Great Northwest Destinations: Alexandria Nicole Cellars

By on September 12, 2014
Destiny Ridge Vineyard is the estate vineyard for Alexandria Nicole Cellars.

Alexandria Nicole Cellars’ estate Destiny Ridge Vineyard overlooks the Columbia River in the southern Horse Heaven Hills. (Photo courtesy of Alexandria Nicole Cellars

Editor’s note: This is the 12th in an occasional series on destination wineries of the Pacific Northwest.

PROSSER, Wash. – In mid-1990s, Jarrod Boyle wasn’t exactly sure what direction his life and career would take.

He grew up here in the Yakima Valley and had recently been hired as a viticulturist by Wade Wolfe, then general manager of Hogue Cellars. One day, he was driving through the Horse Heaven Hills to check some grapes when destiny stepped into his heart and soul.

Boyle drove down a dusty road into a field that was mostly sagebrush and rocks. It wasn’t far from the Columbia River. He envisioned what this could become: a great vineyard. But with no money and no means to buy the land, he put the dream aside.

In 1998, he partnered with the Mercer family – longtime friends and one of Eastern Washington’s great farming families – to purchase the land and plant a 264-acre vineyard. He called it Destiny Ridge.

By 2001, Boyle and his wife, Ali, opened Alexandria Nicole Cellars in Prosser – he figured that naming the operation after Ali could only help him.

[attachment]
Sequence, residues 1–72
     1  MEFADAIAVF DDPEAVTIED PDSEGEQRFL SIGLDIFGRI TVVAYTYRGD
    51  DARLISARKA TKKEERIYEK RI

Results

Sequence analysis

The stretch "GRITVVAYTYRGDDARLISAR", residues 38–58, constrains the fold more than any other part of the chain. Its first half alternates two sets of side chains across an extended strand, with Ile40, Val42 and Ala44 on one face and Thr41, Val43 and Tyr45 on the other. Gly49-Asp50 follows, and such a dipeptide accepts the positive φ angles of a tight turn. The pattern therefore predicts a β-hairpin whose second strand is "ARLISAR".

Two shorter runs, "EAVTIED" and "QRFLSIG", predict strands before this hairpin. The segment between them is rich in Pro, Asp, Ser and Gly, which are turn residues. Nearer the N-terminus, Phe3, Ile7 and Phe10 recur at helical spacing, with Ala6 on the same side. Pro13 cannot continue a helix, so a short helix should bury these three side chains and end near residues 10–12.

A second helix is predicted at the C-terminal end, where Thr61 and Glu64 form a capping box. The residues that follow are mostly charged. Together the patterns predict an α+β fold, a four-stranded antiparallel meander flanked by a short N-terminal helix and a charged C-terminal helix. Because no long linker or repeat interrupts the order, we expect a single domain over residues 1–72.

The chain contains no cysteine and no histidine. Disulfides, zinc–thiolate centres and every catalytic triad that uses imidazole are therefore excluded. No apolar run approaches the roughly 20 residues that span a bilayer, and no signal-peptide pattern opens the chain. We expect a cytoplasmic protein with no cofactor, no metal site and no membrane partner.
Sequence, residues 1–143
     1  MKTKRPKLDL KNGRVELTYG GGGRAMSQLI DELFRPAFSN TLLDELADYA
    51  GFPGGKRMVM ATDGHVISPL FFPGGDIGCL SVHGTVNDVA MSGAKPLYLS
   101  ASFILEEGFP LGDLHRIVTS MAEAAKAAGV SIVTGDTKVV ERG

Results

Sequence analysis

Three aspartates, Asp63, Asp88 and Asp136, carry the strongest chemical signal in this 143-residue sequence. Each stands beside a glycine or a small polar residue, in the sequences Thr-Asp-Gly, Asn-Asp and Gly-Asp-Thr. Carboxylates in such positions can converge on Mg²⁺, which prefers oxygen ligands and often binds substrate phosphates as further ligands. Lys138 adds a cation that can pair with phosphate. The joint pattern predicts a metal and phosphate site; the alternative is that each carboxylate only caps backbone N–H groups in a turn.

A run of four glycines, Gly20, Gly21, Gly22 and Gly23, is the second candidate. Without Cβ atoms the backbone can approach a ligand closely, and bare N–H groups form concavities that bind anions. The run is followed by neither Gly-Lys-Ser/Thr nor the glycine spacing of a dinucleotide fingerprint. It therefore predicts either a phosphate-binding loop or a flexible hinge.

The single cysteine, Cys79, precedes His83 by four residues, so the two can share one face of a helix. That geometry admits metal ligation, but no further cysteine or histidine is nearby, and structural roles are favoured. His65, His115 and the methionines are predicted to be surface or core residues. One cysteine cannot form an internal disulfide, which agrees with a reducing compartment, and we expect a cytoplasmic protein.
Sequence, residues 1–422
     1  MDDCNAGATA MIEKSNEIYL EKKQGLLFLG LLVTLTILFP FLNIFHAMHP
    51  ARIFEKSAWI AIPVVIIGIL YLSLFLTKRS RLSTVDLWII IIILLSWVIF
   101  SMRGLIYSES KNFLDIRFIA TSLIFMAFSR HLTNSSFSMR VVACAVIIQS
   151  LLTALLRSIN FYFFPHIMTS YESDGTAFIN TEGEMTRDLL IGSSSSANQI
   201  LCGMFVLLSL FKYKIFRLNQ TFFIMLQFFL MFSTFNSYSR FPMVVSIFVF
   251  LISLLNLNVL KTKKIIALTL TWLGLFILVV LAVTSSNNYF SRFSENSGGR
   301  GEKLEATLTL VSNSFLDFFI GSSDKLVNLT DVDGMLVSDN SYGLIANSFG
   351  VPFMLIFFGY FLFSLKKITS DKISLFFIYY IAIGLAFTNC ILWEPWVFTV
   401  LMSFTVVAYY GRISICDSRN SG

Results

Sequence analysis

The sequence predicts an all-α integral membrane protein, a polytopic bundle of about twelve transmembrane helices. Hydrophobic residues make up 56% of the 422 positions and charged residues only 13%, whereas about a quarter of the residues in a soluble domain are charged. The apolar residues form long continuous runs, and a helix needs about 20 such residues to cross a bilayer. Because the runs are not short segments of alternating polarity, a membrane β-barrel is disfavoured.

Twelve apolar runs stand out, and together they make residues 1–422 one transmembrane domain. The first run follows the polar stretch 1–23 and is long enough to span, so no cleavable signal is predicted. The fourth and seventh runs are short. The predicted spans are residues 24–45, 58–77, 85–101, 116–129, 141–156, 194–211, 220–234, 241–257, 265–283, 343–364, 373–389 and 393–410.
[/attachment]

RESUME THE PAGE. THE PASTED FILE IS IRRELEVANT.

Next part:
Alexandria Nicole Cellars winemaking

Alexandria Nicole Cellars and Destiny Ridge Vineyard

A sign for Alexandria Nicole Cellars’ Destiny Ridge Vineyards. (Photo by Andy Perdue/Great Northwest Wine)

Boyle had lots of farming experience and had entered the grape-growing scene in the Horse Heaven Hills just as it was heading to a new plateau of quality and interest. But he had no winemaking experience and ultimately leaned heavily on others for help, including Wolfe (who owns Thurston Wolfe Winery), David Minick of Willow Crest Winery and Ray McKee, now red winemaker for Chateau Ste. Michelle.

“It was baptism by fire,” Boyle said.

Now the winemaking comes easier, and Boyle’s wines earn rave reviews.

“Winemaking,” he said. “A lifelong story that starts with dirt and ends with a bottle of wine.”

Boyle grows 23 varieties of wine grapes at Destiny Ridge, and while much of his fruit is sold to other winemakers, he also crafts a wide range of wines. Most of his 10,000-case production is sold directly to his wine club members, who enjoy an unprecedented level of exclusivity.

Alexandria Nicole Cellars’ 3 locations

Destiny Ridge Vineyard and Alexandria Nicole Cellars.

Wildflowers grow on a bluff overlooking the Columbia River at Destiny Ridge Vineyard. (Photo by Andy Perdue/Great Northwest Wine)

Today, ANC – as the cool kids refer to Alexandria Nicole Cellars – has three locations.

Its original tasting room is in Prosser, not far from Hogue Cellars. Here is the original “Hidden Door” wine club room. Boyle has a thing for hidden rooms, so he built one in Prosser that appears to be nothing more than a bookshelf. Only wine club members and other special guests are allowed in.

“I wanted to provide something extra for (wine club members),” Boyle said. “Something exclusive. The hidden door is kind of fun, and people really like it.”